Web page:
Joe Mirsky

Joe Mirsky
Location
Pompton Lakes, New Jersey, U.S.
Birthday
April 16
Title
owner
Company
Joseph's Jewelry
Bio
I own a jewelry store in New Jersey (not the part of New Jersey they make jokes about). I send newsletters to my customers 3 times a year. The newsletters were an instant hit when I started them in 1997. I compiled them into a book, Ornamentally Incorrect, subtitled Have You Hugged Your Jeweler Today in 2008 and a second edition, Bijoux and Beyond in 2011. The third edition, Luxe et Veritas was published in 2013. It's not just jewelry stuff. I also write about consumer and middle class issues, money, economics, lighter side of life, and politics. The posts in this blog are articles from the book. You can see a further sample of my newslettering at jewelrynewsletter.com

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APRIL 26, 2012 11:24AM

It's a Spinthariscope, Kemo Sabe

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This is one of the 870 articles in my book Ornamentally Incorrect, third edition, Luxe et Veritas. The book title link will take you to Amazon where you can buy the book for $15.

It's a Spinthariscope, Kemo Sabe

See genuine atoms split to smithereens inside this Kix Atomic Bomb Ring. For just 15¢ plus a Kix cereal boxtop the Lone Ranger Atomic Bomb Ring could have been yours in 1947.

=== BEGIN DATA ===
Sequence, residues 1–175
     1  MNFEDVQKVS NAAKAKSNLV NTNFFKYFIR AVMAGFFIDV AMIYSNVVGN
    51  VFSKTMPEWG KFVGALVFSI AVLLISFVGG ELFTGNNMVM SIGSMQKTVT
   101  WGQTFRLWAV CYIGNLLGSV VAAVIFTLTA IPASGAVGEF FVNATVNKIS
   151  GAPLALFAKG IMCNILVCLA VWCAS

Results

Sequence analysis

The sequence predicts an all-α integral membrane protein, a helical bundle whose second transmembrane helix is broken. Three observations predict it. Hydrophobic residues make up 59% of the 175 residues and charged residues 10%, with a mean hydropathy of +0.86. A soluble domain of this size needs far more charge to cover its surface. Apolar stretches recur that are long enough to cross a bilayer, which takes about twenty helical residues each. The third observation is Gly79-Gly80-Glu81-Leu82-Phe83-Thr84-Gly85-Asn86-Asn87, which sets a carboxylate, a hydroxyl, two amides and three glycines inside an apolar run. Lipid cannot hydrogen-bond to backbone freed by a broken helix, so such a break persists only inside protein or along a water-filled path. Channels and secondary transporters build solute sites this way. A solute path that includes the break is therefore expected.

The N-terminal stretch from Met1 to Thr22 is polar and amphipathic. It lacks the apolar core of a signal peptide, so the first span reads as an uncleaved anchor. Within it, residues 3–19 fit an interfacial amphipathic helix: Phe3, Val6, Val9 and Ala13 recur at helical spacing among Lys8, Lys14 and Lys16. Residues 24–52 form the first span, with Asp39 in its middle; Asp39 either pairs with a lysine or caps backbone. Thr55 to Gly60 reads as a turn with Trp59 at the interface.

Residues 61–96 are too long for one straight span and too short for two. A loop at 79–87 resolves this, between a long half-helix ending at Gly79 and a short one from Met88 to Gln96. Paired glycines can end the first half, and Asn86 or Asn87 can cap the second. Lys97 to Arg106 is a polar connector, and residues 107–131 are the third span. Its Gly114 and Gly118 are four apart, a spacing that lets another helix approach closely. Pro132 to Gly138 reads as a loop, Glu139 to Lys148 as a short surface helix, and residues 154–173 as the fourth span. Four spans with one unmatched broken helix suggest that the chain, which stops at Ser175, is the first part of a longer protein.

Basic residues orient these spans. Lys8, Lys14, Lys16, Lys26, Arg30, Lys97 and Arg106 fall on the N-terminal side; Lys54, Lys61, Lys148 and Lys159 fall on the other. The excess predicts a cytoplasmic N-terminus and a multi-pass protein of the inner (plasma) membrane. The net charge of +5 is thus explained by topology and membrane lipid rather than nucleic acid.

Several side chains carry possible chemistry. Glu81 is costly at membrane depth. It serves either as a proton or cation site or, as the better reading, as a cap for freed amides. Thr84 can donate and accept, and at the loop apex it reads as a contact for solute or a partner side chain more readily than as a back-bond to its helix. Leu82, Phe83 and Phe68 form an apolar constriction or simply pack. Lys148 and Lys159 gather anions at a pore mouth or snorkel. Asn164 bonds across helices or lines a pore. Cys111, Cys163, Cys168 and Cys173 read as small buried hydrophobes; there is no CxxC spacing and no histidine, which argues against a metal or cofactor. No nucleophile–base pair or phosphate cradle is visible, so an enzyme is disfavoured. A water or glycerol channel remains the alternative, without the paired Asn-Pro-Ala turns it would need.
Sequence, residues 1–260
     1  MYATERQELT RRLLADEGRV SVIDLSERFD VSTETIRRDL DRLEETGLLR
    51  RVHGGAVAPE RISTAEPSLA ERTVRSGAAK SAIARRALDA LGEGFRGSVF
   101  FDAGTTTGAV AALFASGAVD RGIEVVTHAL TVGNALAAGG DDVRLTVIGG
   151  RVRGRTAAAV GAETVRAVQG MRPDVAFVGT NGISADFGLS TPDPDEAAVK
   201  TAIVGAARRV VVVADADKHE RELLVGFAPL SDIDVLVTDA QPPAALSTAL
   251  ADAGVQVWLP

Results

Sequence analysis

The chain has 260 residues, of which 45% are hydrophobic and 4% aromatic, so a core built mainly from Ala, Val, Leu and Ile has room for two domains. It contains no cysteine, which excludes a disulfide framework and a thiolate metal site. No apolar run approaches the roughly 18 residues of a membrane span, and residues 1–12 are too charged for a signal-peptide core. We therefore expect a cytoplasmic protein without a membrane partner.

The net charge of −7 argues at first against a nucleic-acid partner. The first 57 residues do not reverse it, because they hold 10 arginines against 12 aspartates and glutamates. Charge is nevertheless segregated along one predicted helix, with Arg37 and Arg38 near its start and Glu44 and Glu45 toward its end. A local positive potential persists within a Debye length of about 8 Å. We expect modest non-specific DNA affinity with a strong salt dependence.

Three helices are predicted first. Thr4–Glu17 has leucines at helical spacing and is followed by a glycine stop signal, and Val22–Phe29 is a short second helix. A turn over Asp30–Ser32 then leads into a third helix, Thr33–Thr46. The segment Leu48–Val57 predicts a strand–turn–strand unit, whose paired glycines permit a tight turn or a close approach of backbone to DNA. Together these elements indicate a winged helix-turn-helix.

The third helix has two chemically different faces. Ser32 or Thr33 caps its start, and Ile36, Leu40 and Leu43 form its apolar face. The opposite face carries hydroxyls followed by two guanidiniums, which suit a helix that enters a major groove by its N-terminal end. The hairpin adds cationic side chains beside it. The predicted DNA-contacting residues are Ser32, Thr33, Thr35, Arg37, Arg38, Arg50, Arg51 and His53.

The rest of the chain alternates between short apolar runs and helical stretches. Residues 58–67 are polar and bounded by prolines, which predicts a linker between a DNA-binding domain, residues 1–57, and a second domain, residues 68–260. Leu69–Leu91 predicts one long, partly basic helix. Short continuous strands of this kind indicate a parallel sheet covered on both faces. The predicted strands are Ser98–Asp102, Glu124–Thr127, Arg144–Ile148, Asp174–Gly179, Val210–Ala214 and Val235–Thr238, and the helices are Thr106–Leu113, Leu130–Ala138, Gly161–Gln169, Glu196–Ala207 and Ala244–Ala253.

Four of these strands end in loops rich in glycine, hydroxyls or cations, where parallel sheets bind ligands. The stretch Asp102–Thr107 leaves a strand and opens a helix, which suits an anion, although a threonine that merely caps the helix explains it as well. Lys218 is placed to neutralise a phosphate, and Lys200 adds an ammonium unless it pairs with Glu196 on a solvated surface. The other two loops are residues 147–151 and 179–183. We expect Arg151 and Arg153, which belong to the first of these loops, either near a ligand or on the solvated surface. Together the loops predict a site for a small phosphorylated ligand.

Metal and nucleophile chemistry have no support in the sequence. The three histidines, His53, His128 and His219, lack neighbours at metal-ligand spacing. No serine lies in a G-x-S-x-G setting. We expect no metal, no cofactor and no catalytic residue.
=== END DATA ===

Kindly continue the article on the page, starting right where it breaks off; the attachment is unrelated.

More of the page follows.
The ring was advertised on the Lone Ranger radio show. Although it was also advertised in print, it came to be known as the Lone Ranger Atomic Bomb Ring. (The contradiction of a 19th century cowboy selling a 20th century weapon was missed, maybe because the business end of the ring bomb looked like the Lone Ranger's silver bullet.)

The red tail fin on the bomb could be removed to expose a secret message compartment. Then you could go into a dark room and look through a lens at the back and see a shower of light flashes.

The light flashes were caused by particles emitted by a radioactive element hitting a screen coated with zinc sulfide. This is called a spinthariscope.

The spinthariscope was invented by English scientist Sir William Crookes (1832-1919) in 1903. Crookes was experimenting in the dark with radium bromide, observing how it made a screen coated with zinc sulfide glow, when he accidently spilled some of the very costly radium on the screen. When he examined the screen under a microscope to locate even the smallest speck, he saw flashes of light rather than a uniform glow.

Crookes then built a small device with a speck of radium bromide on the tip of a needle, a zinc sulfide screen behind it, and a lens in front, all inside a brass tube. He named it a spinthariscope, from the Greek word for scintillation.

On May 15, 1903, Crookes showed his spinthariscope at a gala affair at the British Royal Society. It was a hit, and soon became the must-have toy for toffs.

The Lone Ranger spinthariscope used polonium 210, really bad stuff (remember that Russian guy who was poisoned with it?). But the alpha particles it emits don't penetrate the skin and the glass lens on the ring blocks them. (The problem comes when you eat it.) It has a half-life of only 138 days, so all the old Lone Ranger rings are dead now.

You can buy spinthariscopes today that use thorium or americium.

Check out the other articles on the blog here

Copyright © 2013 Joseph Mirsky Jewelry Inc.

 

Lone Ranger Ring
 

 

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spinthariscope, lone ranger

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